Oh yes I did!
I grew up believing that I didn't like onions because my family didn't, but turns out I love them. But that is not why I had to try this tasty sandwich, because frankly I'd never heard of it until I read this beautiful book called Heaven to Betsy. May I share with you the part in the book about the Onion Sandwich?
Sunday Night Lunch was an institution at the Ray house. They never called it supper; and they scorned folks who called it tea. The drink of the evening was coffee, which Mrs. Ray loved, and although Betsy and Margaret still took cocoa, their loyalty was to coffee for her sake.
The meal was prepared by Mr Ray. This was a custom of many years standing. No one else was allowed in the kitchen except in the role of admiring audience. He didn't object when Anna (the hired girl) or Mrs. Ray made a cake earlier in the day; he didn't mind the girls putting cloth on the dining room table. But in the kitchen on Sunday evenings he was supreme.First he put the coffee on..... He got a wooden bread board, and a sharp knife which he always proceeded to sharpen further. He sliced the bread in sensibly thick slices and he never cut off the crusts. Mr. Ray's opinion of sandwiches without crusts matched Mrs. Ray's opinion of tea on Sunday nights. The butter had been put to soften, and now around the breadboard he ranged everything he could find in the ice box. Sometimes there was a cold roast beef, sometimes chicken, sometimes cheese. If nothing else was available he made his sandwiches of onions. He used slices of mild Bermuda onions, sprinkled with vinegar and dusted with pepper and salt. About the use of pepper and salt Mr Ray had very positive ideas. He used his condiments with the care and precision of a gourmet. Not too much! Not too little! And spread so evenly that each bite had the heavenly seasoning of the one before.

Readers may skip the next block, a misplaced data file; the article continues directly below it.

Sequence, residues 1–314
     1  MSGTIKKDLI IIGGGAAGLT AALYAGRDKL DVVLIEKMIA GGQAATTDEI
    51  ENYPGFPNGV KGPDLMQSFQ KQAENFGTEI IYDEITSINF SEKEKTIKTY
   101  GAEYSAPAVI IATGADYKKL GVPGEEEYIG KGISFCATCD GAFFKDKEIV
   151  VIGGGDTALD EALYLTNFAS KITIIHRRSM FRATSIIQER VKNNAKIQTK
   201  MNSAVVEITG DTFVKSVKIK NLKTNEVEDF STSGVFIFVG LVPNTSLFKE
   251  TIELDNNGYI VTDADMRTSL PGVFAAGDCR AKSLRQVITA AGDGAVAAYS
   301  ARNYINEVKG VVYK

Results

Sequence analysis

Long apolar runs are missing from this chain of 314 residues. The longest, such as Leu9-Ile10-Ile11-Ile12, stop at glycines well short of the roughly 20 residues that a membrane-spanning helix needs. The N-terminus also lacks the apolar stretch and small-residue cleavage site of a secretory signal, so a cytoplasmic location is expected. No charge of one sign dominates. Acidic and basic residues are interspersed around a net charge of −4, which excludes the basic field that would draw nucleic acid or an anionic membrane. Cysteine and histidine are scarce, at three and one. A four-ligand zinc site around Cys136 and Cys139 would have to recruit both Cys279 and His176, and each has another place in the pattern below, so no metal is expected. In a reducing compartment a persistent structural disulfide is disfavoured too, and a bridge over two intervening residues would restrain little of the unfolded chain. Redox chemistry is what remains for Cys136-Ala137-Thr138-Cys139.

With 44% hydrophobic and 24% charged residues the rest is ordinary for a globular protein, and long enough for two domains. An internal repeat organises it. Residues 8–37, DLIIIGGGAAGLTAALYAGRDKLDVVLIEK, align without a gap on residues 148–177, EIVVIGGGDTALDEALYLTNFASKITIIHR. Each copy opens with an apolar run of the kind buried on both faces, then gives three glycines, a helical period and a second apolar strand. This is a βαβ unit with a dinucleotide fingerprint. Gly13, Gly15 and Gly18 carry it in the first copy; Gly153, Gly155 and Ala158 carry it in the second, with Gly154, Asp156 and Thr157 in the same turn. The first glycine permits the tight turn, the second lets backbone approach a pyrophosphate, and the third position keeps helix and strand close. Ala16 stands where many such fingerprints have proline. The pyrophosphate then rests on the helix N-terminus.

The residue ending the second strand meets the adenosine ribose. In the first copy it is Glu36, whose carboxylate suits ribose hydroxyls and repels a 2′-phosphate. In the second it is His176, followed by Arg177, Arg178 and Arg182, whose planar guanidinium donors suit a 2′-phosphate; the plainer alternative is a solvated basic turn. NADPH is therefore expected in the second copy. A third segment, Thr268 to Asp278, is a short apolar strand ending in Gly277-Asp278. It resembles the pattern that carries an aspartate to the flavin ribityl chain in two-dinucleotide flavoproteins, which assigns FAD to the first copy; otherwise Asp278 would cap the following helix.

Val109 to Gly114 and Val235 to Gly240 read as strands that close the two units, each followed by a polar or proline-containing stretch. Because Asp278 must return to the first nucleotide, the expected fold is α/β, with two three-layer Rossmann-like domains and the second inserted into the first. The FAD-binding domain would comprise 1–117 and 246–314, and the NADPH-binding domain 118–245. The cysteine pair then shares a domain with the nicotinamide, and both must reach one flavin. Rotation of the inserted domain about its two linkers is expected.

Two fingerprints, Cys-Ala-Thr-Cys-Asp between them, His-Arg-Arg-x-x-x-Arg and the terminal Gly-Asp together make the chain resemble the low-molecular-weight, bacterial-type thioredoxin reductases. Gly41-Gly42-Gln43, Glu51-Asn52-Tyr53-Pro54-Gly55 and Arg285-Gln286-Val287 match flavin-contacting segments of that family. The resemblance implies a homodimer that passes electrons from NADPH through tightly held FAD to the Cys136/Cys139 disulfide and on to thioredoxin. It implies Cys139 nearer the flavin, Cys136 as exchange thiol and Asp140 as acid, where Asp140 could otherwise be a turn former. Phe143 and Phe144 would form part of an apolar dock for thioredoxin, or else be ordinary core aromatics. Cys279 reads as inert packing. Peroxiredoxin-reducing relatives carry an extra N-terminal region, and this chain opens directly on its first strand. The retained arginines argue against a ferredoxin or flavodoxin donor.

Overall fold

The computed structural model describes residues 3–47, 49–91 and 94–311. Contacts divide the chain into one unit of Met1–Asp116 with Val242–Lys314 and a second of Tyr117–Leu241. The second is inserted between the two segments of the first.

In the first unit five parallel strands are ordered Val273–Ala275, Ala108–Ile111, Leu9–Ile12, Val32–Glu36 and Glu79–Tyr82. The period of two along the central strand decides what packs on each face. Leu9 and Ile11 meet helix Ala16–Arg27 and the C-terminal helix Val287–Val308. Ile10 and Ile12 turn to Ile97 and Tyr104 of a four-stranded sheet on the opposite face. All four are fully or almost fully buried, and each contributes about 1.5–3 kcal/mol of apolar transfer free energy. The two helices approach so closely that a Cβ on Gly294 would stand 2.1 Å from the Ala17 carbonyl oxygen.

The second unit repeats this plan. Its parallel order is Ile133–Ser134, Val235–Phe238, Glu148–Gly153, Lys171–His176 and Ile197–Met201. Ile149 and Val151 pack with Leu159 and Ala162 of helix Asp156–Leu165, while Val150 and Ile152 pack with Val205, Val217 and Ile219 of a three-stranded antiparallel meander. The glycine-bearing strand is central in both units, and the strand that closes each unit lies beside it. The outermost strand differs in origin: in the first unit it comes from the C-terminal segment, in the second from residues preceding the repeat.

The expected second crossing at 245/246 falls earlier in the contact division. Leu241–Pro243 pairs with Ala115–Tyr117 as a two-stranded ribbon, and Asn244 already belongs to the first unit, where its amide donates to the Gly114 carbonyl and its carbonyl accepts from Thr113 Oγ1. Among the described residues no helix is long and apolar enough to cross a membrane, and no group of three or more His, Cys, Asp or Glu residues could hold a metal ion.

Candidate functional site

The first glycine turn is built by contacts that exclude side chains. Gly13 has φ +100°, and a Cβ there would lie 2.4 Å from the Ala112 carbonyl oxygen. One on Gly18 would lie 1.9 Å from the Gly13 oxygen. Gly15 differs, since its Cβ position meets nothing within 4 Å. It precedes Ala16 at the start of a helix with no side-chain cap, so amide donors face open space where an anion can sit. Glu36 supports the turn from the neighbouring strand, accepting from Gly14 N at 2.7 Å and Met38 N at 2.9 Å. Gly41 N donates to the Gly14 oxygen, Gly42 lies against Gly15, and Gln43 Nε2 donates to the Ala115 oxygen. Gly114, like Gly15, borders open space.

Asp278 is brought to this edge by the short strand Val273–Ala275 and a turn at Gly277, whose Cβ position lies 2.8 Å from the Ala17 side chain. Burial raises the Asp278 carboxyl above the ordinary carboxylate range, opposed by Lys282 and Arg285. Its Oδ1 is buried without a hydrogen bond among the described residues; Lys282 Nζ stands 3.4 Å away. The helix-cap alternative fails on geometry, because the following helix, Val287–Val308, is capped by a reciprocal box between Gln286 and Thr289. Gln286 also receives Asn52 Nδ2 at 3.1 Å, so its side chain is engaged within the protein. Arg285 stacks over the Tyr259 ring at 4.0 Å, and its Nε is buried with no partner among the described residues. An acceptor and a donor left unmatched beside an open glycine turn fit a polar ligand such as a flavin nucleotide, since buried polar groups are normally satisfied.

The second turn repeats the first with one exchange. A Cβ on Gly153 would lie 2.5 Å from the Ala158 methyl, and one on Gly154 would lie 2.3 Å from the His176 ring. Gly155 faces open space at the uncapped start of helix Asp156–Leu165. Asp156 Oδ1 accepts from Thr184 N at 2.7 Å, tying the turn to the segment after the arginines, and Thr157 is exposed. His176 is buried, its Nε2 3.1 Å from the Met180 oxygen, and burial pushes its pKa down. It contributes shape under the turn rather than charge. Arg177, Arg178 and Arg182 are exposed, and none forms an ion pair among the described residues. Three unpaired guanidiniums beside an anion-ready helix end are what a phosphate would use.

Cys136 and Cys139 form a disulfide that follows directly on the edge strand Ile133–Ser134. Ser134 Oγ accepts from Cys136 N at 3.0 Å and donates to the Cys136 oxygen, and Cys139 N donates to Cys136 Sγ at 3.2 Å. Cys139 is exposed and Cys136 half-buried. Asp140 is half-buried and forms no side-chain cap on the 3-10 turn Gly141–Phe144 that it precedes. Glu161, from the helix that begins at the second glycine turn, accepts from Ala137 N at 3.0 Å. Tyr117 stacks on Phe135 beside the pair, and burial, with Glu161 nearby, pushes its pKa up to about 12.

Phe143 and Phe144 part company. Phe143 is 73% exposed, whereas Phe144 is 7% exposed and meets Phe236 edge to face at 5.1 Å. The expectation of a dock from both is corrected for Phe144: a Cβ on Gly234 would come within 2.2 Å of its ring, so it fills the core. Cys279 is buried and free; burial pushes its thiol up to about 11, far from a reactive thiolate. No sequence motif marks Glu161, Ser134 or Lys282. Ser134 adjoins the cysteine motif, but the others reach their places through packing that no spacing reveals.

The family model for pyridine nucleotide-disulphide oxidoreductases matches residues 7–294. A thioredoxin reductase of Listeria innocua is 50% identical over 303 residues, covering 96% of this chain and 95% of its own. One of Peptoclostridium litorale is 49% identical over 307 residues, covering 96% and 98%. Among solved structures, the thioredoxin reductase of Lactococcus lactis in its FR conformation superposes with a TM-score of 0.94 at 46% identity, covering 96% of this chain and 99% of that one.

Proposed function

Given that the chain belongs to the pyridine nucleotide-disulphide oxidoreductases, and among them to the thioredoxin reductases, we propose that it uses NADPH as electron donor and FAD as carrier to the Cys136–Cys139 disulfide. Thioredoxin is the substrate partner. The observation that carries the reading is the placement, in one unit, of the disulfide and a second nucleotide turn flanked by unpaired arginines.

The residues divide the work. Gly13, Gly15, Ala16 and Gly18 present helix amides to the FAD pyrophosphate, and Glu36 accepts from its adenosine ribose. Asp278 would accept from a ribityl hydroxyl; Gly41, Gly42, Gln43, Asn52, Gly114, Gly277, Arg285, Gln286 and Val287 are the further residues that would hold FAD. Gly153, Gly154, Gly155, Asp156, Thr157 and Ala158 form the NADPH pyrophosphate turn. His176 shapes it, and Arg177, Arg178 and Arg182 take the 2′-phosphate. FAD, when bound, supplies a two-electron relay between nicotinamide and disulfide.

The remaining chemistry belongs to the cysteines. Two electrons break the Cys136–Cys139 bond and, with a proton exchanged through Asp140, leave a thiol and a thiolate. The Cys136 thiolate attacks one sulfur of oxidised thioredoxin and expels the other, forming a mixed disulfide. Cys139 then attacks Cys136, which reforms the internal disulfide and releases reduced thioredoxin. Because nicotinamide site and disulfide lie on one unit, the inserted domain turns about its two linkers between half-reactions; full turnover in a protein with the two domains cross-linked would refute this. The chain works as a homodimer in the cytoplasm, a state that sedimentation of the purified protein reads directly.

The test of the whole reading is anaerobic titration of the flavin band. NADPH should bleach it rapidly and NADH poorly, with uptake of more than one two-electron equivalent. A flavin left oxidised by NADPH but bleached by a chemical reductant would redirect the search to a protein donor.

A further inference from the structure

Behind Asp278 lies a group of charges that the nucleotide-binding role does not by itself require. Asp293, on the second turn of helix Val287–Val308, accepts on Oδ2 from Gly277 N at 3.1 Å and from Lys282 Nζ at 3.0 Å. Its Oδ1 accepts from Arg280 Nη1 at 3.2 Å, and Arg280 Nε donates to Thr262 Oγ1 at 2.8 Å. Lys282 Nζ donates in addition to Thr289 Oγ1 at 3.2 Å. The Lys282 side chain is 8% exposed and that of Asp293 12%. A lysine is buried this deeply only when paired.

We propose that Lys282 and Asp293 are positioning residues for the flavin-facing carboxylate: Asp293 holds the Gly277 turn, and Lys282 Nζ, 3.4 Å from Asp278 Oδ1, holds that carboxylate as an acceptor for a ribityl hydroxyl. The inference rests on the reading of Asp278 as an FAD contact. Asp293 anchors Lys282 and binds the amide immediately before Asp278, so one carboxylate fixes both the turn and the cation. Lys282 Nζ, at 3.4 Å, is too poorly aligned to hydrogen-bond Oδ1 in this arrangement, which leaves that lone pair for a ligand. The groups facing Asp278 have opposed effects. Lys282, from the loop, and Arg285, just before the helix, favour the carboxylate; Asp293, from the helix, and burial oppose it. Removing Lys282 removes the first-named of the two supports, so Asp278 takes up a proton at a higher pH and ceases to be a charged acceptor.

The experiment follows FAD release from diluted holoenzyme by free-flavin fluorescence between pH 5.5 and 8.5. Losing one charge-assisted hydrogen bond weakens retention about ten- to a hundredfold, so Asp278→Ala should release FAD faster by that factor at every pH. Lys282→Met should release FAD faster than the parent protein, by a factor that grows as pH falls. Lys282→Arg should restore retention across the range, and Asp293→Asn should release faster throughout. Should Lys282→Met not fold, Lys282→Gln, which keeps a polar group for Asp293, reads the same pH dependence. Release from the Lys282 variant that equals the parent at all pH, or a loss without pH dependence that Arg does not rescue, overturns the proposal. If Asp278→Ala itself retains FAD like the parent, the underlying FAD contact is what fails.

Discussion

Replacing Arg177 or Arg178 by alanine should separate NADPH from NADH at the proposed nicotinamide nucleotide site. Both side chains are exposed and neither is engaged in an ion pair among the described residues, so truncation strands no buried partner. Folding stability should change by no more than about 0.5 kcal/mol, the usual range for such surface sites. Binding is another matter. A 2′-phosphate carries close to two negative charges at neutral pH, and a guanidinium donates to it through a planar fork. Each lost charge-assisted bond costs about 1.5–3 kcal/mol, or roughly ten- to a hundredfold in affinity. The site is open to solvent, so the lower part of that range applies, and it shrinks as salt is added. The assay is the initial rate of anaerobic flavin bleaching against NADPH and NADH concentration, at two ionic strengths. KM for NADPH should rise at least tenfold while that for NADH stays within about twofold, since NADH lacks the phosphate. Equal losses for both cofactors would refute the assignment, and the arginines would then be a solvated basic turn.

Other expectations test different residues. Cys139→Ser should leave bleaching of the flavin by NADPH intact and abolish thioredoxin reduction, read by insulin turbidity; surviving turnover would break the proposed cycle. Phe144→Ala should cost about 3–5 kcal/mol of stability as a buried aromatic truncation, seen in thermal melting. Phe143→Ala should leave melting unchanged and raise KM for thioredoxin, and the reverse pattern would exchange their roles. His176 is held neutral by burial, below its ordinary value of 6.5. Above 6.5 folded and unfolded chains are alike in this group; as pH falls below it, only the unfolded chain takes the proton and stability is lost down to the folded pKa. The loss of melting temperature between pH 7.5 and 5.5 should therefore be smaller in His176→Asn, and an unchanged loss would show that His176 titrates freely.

"I'm not," he used to say with sedate pride, "the sort of sandwich maker who puts salt and pepper all in one place with a shovel. No, siree!" And then he would add, for emphasis, "No siree, BOB!"The onion sandwiches were most popular of all with the boys who flocked to the Ray house.
Mr. Ray didn't mind company for Sunday Night Lunch; in fact, he liked it. The larger the audience, the more skill and ingenuity he displayed in his sandwich combinations. Tall, black haired, big-nosed, benevolent, an apron tied around his widening middle, he perched on a stool in the pantry with assorted guests all around the house.The guests were of all ages...... Old and young gathered in the dining room around the table beneath the hanging lamp. The big platter of sandwiches was placed in the center. A cake sat on one side, a dish of pickles on the other. There was a simmering pot of steaming coffee, of course; but the sandwiches were king of the meal.
Without further ado- may I share with you this Heavens to Betsy/James Beard inspired Onion Sandwich-
(because the vinegar added in Mr Ray's sandwich wouldn't hold out too well in a lunch box, and neither would James Beard's parsley rimmed sandwiches)
1 sandwich thin
thinly sliced onion (I always prefer Vidalia)
salt and pepper
Spread both bread slices with mayo. Sprinkle parsley on both sides. Add thinly sliced onion and add salt and pepper but not all in one place with a shovel, as Mr Ray warned!